In the summer months, tourists descend on Utah’s five national parks, in large part to effective advertising. Learn about the creatively-advertised grand opening of Zion National Park in 1920.
In May 1920, Anna Widtsoe had just turned twenty-one. She and five of her friends were leaving for a week-long, all-expense paid trip to Zion National Park in southern Utah. Their vacation was paid for by the Union Pacific Railroad, which hoped to attract visitors to the country’s newest national park.
Zion Canyon first came to national attention when Frederick Dellenbaugh displayed his stunning paintings at the 1904 World’s Fair in St. Louis. Five years later, Zion became a National Monument. For years, visitors trickled in by horse and wagon, but in 1917, construction of the first paved road led to a major boost in traffic. When Zion achieved national park status two years later, the Union Pacific Railroad wanted a cut of the growing tourist trade, so spearheaded an advertising campaign. Who better to promote the new National Park than six attractive young co-eds?
When Anna and her friends – Melba Dunyon, Mildred Gerrard, Dora Montague, Nell Creer, and Catherine Levering – arrived prior to the 1920 tourist season, they became Zion National Park’s first official visitors. They traveled by train to Lund, Utah and drove the rest of the way by automobile. Anna exclaimed upon entering the Park that, “Words cannot express the gorgeous magnificent country.” They spent the week hiking and rock climbing and playing practical jokes on each other. The Railroad took promotional photographs of the girls romping through Zion and published accounts of their trip in major newspapers across the country.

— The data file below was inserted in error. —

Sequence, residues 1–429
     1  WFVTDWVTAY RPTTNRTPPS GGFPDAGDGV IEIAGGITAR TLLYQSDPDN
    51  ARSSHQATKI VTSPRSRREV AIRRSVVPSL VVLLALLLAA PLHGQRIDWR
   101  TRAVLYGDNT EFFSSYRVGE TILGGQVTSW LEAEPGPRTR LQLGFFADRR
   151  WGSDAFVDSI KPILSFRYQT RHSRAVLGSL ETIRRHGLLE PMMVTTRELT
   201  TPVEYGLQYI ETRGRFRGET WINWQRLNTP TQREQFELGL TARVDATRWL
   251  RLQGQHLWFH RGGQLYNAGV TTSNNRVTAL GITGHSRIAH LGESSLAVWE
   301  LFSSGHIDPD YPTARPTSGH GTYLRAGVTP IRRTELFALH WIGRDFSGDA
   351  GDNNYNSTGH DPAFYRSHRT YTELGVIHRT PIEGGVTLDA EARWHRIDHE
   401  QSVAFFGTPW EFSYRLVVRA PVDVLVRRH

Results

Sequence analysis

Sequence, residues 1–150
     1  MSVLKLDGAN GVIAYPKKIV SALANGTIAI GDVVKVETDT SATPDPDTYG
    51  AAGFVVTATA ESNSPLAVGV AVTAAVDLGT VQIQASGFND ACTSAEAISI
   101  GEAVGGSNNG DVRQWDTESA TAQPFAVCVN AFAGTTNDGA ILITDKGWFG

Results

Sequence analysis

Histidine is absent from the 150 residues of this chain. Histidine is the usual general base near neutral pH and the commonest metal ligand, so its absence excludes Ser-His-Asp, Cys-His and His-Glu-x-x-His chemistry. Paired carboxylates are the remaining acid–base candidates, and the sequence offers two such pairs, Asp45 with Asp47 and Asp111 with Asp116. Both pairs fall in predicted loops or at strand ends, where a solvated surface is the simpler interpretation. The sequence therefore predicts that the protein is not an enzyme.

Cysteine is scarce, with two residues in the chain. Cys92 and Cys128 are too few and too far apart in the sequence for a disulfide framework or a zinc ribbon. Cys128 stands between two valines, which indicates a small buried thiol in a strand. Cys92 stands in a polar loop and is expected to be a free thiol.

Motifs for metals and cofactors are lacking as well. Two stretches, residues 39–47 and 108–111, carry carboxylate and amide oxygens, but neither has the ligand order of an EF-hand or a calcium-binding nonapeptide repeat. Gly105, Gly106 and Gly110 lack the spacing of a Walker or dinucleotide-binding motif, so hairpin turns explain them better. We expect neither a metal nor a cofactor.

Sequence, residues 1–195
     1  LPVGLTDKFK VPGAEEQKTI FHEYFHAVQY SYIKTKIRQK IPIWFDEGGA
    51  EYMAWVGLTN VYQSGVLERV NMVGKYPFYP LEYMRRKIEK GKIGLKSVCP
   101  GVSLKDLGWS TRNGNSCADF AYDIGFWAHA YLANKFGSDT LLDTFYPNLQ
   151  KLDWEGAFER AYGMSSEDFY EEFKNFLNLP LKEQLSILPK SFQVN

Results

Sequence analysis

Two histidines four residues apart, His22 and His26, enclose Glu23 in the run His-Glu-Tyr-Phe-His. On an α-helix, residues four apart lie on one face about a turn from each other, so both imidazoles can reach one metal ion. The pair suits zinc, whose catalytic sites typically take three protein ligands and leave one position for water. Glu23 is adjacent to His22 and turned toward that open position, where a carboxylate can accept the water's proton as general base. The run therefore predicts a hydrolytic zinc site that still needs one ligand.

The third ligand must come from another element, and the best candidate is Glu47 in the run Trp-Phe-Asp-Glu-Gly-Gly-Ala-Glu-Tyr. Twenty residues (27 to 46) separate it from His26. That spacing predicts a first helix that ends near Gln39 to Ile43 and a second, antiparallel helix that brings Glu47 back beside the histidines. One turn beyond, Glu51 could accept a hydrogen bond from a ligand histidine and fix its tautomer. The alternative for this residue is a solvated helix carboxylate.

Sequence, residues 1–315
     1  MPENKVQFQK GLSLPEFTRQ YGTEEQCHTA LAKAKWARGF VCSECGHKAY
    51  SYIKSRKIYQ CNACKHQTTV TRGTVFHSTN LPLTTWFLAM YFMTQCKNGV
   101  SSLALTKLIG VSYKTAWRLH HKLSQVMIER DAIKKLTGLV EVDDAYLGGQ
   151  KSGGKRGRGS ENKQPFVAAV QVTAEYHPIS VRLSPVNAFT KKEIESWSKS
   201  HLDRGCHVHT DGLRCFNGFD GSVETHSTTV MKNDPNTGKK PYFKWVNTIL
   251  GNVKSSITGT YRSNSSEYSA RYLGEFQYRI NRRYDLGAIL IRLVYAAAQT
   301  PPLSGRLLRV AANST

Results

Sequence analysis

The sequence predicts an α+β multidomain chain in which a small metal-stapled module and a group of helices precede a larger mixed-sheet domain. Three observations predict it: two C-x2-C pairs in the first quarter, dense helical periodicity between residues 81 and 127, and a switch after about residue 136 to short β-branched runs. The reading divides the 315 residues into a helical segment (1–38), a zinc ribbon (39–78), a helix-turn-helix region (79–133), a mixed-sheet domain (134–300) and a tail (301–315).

On the final day of their trip, the girls swung open Zion’s wooden gate and launched the Park’s first official tourist season. The Union Pacific Railroad had gauged it right. Zion proved an immensely popular destination. Since then, many vacationers have passed through Zion Canyon, marveling like Anna Widtsoe at the “glorious country and wonderful scenes.”
Image: 6 U. Coeds Officially Opened Zion National Park. From left to right, Catherine Levering, Anna Widtsoe, Nell Creer, Mildred Gerrard, Stella Peterson (chaperone), Melba Dunyon and Dora Montague. Courtesy of Union Pacific Magazine.
For more information about the Zion Canyon adventures of Anna Widtsoe, Melba Dunyon, Mildred Gerrard, Dora Montague, Nell Creer, and Catherine Levering, see John and Melissa Clark, Opening Zion: A Scrapbook of the National Park’s First Official Tourists (Salt Lake City: Bonneville Books, 2010), pp. 3-20.